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Gasoline Prices Lowered, But Not Liberated
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Prices of domestic refined oil products may have been cut in line with lower global prices, but the era of real flexibility in the country's pricing system is still some way off.


The National Development and Reform Commission (NDRC), the ministry-level body that plans the economy, announced on Saturday that it would cut the wholesale price of gasoline by 220 yuan ($28.21) per ton and the price of kerosene by 90 yuan ($11.54) per ton from yesterday.


The move marked the first price-cut for refined oil products sold on the Chinese mainland since May 2005. The price of oil products had gone up 12 times since 2003, including twice last year, in line with soaring global oil prices, Xinhua News Agency reported.


"The local price cut that took effect (on Sunday) was necessary and well-founded because crude prices have declined and the new oil-pricing mechanism is not yet available for public review," Han Wenke, director of the NDRC's Energy Research Institute, told China Daily yesterday.


He said that because the wholesale market for oil products is still dominated by State-owned giants mainly the China National Petroleum Corporation (CNPC) and China Petroleum and Chemical Corporation (Sinopec) it is natural for the government to keep a tight grip on pricing.


No new pricing system


He added that the government would not adopt the new pricing system in the foreseeable future.


"Although lower global oil prices will help pave the way for a new pricing system that is expected to track international crude prices more closely, the recent drop in (domestic) prices may not necessarily have been connected to that system," Han said.


Zhou Dadi, the retired former director of the Energy Research Institute, echoed his successor's comments.


"Even if a new pricing mechanism is adopted, State intervention in pricing will still apply in China, where the wholesale market is mainly controlled by Sinopec and CNPC," Zhou said.


The government adjusts oil prices only when the international price changes by more than 8 per cent. For refiners, this can lead to major losses as they pay large export bills when international crude prices are high, but cannot raise prices of the products they produce, such as gasoline for automobiles.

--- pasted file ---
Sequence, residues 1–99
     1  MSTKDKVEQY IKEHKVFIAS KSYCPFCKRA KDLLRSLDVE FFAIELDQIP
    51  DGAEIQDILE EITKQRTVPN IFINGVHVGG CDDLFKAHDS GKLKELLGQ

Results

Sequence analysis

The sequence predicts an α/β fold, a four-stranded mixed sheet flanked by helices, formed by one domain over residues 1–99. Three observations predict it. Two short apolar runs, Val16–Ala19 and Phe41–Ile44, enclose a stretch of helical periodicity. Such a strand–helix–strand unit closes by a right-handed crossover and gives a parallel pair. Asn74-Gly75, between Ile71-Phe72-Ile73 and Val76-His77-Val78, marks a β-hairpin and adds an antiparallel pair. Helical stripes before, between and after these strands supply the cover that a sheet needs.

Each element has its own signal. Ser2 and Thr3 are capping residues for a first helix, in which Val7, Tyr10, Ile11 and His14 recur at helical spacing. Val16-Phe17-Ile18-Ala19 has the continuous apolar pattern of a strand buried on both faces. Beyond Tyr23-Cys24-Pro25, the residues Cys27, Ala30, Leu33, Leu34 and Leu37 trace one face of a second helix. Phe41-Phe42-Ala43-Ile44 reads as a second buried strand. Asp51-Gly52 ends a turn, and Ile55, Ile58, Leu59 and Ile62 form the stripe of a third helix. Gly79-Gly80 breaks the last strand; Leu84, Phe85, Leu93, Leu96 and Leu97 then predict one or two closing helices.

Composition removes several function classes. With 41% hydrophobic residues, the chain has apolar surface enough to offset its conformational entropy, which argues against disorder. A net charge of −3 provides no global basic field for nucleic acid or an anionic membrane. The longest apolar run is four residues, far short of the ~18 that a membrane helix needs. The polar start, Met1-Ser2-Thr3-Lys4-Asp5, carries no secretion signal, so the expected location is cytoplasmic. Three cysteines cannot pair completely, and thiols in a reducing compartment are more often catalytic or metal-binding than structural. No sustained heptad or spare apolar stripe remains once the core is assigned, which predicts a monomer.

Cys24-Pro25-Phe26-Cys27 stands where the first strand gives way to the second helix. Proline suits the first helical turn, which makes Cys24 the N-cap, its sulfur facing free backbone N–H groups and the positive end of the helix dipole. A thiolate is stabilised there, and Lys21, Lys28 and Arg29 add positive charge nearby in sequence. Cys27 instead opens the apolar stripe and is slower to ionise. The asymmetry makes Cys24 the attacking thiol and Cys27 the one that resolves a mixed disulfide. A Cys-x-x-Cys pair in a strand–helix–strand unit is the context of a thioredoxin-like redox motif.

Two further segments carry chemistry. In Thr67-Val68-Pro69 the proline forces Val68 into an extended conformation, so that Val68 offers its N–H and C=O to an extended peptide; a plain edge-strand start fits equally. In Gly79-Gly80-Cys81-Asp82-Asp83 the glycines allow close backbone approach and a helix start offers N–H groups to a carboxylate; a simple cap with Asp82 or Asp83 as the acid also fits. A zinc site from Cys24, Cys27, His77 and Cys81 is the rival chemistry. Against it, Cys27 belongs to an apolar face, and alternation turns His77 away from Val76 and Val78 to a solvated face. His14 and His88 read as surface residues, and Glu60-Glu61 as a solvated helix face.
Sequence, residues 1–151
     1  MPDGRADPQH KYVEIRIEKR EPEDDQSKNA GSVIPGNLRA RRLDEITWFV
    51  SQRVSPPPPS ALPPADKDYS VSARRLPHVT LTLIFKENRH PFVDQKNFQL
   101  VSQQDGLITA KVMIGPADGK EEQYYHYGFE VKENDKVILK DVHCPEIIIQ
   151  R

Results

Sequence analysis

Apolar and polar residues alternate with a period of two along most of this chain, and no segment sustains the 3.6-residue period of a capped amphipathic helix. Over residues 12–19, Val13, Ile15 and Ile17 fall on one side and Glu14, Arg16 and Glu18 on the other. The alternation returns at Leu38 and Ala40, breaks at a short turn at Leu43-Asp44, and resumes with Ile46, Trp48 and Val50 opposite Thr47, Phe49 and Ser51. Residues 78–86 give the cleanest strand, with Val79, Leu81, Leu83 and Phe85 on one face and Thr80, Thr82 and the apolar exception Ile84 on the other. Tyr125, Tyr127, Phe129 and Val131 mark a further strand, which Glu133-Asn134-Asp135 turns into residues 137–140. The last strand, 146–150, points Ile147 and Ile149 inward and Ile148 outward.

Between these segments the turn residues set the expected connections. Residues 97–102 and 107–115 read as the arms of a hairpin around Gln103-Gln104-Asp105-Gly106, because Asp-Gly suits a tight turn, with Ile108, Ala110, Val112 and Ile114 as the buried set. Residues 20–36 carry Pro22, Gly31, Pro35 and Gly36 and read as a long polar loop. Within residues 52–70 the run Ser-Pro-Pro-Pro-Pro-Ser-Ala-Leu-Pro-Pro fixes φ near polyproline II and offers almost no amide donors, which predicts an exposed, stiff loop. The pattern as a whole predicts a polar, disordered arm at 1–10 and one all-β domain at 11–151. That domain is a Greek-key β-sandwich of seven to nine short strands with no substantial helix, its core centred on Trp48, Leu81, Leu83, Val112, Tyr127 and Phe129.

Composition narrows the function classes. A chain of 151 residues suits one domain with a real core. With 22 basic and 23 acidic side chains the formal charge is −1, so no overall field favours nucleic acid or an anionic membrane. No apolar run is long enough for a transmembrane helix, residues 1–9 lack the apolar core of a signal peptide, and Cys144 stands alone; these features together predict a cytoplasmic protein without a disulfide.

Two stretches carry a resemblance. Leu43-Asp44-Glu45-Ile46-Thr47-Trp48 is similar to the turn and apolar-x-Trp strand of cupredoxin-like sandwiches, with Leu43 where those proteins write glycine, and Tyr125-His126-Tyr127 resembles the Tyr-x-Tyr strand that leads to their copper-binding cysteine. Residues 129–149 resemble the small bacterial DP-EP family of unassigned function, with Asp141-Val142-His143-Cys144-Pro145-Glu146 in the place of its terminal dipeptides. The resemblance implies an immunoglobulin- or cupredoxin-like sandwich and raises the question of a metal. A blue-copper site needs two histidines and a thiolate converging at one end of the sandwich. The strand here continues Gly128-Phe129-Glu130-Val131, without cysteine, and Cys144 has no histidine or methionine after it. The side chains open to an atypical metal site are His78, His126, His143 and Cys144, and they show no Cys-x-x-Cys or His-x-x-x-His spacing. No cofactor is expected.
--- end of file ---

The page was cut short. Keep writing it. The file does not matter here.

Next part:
According to news reports, the NDRC had earlier been considering de-linking the price peg between local oil products and oil products sold in Singapore, Rotterdam and New York, which had been the standard for the past five years.


Instead, the top economic planner was said to be weighing the possibility of linking the prices of local oil products to crude prices in Brent, Dubai and Minas, which would more accurately reflect prices in the global market.


Analysts' view


Analysts argue that the NDRC should adopt the new pricing system now, while global oil prices are low. Crude oil for February delivery fell to $52.99 a barrel last Friday on the New York Mercantile Exchange. It was the fourth straight weekly decline, according to Bloomberg.


"Naturally, it would be easier for the public to accept a new pricing system that is designed to more accurately reflect global market conditions when the global price is low," said Han Xuegong, a veteran consultant for CNPC.


Cao Xiaoxi, an analyst at Sinopec, struck a similar note. "It would make sense to adopt the new system now. Of course, it is up to the authorities to make the final decision. Besides, oil prices may continue their decline," Cao told China Daily.


Lower fuel prices will benefit China's grass-roots consumers and oil-dependent industries like aviation and public transportation, said Lee Mei Leng, chief analyst at the Beijing office of Platts, a company that monitors the energy sector.


Lee added that the recent price cut for local oil products could prove painful to major refiners, which have long had to contend with high import prices and low retail prices.


However, Han said lower costs for crude imports and reductions in the windfall tax on oil earnings would soften the blow.


A Beijing taxi driver surnamed Chai said he was happy about the news and estimated he would save at least 5 yuan per day (63 cents), thanks to the lower gas prices.


"The government should take into account the interests of both oil enterprises and ordinary consumers," Chai said.


Xu Xiaobing, a Beijing resident who spends 1,200 yuan ($150) per month on gas for his private car, said the lower gas prices reflected the government's desire to adopt international practices.


(China Daily January 15, 2007)


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